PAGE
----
Oprah collaborated with Prince Harry both for his wife's tell-all interview and in their new mental health-focused docuseries.
Oprah Winfrey has a message for the critics of Prince Harry and Meghan Markle. The 67-year-old TV personality recently sat down with the couple for an explosive tell-all interview, and now has an Apple TV+ docuseries, The Me You Can't See, with Harry.
Winfrey spoke with Today's Hoda Kotb about the critics of the couple, who point out that they both ask for privacy from unwanted media attention and have recently been very public about their personal struggles.
"You know, I ask for privacy, and I'm talking all the time," Oprah quipped. "So I think being able to have a life that you are not intruded upon by photographers or people flying over head or invading your life is what every person wants and deserves. That's what people are missing. Privacy doesn't mean silence."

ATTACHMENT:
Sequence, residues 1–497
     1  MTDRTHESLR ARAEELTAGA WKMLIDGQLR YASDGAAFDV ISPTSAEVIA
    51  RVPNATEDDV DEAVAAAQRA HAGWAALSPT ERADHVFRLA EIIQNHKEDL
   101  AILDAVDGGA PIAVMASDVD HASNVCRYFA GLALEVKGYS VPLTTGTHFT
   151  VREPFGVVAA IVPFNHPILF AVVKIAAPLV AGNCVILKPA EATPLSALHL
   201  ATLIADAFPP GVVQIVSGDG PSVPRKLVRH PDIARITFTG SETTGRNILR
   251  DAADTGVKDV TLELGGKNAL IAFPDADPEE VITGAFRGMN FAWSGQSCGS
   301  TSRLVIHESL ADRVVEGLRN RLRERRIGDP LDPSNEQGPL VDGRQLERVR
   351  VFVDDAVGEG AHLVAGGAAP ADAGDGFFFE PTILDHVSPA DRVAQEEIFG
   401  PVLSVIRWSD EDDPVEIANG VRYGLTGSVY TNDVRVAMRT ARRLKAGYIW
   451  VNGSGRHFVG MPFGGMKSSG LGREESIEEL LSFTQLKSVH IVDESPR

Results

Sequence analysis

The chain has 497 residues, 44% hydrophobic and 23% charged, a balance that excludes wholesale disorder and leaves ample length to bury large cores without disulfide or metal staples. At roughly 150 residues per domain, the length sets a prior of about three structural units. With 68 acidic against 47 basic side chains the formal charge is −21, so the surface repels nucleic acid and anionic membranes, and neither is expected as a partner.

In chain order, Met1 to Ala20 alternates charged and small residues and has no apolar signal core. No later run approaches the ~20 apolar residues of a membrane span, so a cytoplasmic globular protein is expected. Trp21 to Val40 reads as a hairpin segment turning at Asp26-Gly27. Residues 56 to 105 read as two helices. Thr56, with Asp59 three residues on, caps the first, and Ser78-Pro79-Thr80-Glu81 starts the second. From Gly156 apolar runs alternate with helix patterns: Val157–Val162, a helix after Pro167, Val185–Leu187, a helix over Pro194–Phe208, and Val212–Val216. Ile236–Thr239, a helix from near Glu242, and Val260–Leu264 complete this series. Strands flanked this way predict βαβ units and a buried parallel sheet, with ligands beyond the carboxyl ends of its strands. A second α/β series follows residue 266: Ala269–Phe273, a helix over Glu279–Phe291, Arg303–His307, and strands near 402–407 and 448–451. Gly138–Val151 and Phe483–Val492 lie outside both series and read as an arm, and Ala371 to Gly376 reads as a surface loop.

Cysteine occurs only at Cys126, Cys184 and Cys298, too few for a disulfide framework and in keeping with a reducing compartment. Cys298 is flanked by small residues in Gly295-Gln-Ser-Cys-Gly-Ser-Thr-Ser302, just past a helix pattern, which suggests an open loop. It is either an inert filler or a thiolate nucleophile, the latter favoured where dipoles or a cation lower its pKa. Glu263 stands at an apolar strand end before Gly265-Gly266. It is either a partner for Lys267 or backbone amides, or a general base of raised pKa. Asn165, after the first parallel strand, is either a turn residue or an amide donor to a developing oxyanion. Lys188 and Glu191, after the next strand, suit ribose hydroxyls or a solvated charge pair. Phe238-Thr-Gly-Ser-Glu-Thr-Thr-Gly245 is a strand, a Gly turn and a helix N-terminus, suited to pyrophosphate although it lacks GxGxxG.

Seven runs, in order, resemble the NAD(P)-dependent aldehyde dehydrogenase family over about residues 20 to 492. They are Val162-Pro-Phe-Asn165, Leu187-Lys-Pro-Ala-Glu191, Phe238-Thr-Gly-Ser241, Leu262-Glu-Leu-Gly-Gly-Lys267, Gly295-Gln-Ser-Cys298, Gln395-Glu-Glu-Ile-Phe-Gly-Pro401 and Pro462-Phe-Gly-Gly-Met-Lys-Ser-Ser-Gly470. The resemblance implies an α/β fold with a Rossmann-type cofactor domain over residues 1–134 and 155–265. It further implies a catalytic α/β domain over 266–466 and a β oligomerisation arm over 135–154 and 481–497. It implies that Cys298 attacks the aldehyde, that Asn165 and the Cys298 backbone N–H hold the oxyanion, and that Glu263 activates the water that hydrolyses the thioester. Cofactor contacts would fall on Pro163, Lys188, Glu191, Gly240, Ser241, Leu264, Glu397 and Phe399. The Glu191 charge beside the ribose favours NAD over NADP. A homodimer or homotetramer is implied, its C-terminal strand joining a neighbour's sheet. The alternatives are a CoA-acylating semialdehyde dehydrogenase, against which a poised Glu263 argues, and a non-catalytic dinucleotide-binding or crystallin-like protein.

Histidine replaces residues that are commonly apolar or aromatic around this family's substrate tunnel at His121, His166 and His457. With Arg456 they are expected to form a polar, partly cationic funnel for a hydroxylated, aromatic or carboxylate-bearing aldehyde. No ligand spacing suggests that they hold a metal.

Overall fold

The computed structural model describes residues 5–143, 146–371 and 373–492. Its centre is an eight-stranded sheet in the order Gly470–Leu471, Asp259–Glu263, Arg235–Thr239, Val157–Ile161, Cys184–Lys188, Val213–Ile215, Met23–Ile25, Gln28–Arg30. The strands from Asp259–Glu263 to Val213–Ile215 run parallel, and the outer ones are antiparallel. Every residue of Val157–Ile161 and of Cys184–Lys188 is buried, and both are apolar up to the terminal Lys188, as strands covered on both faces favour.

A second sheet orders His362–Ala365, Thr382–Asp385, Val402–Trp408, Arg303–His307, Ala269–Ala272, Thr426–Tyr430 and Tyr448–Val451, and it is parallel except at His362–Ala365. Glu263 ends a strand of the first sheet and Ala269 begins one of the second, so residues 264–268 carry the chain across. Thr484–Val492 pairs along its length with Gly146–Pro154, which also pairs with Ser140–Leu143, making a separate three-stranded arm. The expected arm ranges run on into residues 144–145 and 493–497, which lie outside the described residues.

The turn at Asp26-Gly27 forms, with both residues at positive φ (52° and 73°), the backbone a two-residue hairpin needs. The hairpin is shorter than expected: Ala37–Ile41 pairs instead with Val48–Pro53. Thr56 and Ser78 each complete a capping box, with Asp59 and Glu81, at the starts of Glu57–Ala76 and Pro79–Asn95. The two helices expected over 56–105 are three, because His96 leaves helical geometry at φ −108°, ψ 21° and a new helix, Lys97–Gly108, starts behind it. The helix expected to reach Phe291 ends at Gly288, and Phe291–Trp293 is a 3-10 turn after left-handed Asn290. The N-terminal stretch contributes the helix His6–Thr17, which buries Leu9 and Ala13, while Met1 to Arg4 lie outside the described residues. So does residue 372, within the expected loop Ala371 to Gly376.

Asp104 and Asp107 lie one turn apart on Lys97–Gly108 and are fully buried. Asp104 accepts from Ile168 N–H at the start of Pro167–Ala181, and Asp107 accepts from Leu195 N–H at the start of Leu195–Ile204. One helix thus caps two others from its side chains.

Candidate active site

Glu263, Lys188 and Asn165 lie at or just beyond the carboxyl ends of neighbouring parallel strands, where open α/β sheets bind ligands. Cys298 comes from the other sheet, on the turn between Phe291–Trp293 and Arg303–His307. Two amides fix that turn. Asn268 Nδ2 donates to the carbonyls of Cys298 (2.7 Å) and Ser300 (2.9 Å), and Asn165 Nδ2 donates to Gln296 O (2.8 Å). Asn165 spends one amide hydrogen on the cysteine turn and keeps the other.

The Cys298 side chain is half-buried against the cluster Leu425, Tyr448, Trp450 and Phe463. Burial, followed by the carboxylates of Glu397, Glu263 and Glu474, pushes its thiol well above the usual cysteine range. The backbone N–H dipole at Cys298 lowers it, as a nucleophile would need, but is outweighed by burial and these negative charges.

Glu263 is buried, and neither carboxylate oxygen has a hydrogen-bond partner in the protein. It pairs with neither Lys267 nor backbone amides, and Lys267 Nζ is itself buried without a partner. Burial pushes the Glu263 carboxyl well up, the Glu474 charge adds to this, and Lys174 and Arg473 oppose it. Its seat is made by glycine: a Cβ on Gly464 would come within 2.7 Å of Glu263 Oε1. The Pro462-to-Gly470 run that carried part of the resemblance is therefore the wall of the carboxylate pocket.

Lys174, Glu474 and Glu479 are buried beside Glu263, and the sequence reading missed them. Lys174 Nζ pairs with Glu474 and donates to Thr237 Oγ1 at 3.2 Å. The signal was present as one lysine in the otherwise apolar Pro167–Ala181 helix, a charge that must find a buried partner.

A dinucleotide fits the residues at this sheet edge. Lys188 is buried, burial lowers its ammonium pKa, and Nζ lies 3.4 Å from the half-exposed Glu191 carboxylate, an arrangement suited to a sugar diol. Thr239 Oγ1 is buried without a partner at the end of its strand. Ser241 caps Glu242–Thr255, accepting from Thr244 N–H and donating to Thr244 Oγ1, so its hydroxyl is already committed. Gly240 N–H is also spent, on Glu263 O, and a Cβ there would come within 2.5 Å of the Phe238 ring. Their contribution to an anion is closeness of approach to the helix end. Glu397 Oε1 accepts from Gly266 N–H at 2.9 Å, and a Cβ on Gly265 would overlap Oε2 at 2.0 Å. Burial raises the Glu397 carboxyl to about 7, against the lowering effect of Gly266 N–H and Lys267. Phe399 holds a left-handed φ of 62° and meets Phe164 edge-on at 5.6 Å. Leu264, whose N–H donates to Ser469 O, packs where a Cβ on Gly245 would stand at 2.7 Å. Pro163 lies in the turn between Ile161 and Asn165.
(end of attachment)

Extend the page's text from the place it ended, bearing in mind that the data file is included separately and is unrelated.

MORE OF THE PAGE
She also opened up about whether the couple regretted sharing their story back in March after stepping down as senior members of the royal family.
"They have not shared any regrets with me," Oprah said of the Duke and Duchess of Sussex. "I understood what had happened to them, and I wanted the rest of the world to come away being able to answer the question, 'Why did they leave?' I think by the time that interview was done, people understood."
Oprah and Harry also spoke with Robin Roberts on Good Morning America, and Oprah shed some light on what the prince was like as a colleague.
"I will have to say, Harry was in every meeting," she said. "He was there. Usually on Zoom before I was and turning in his notes before I did. And I was like, 'Oh, Harry turned in his notes already.'"
"I didn't know it was a competition," Harry quipped. "Now that I know, I'm very glad I did it."
The Me You Can't See director Dawn Porter told ET that "Oprah and Harry have become close."
"Oprah started crying when he was telling the story of his mother, [Princess Diana]," she recalled of filming the docuseries with the two. "I don't know how many of us thought about what it would feel like to be a little boy walking for a long distance, following your mother's casket."
For more from the docuseries, watch the clip below.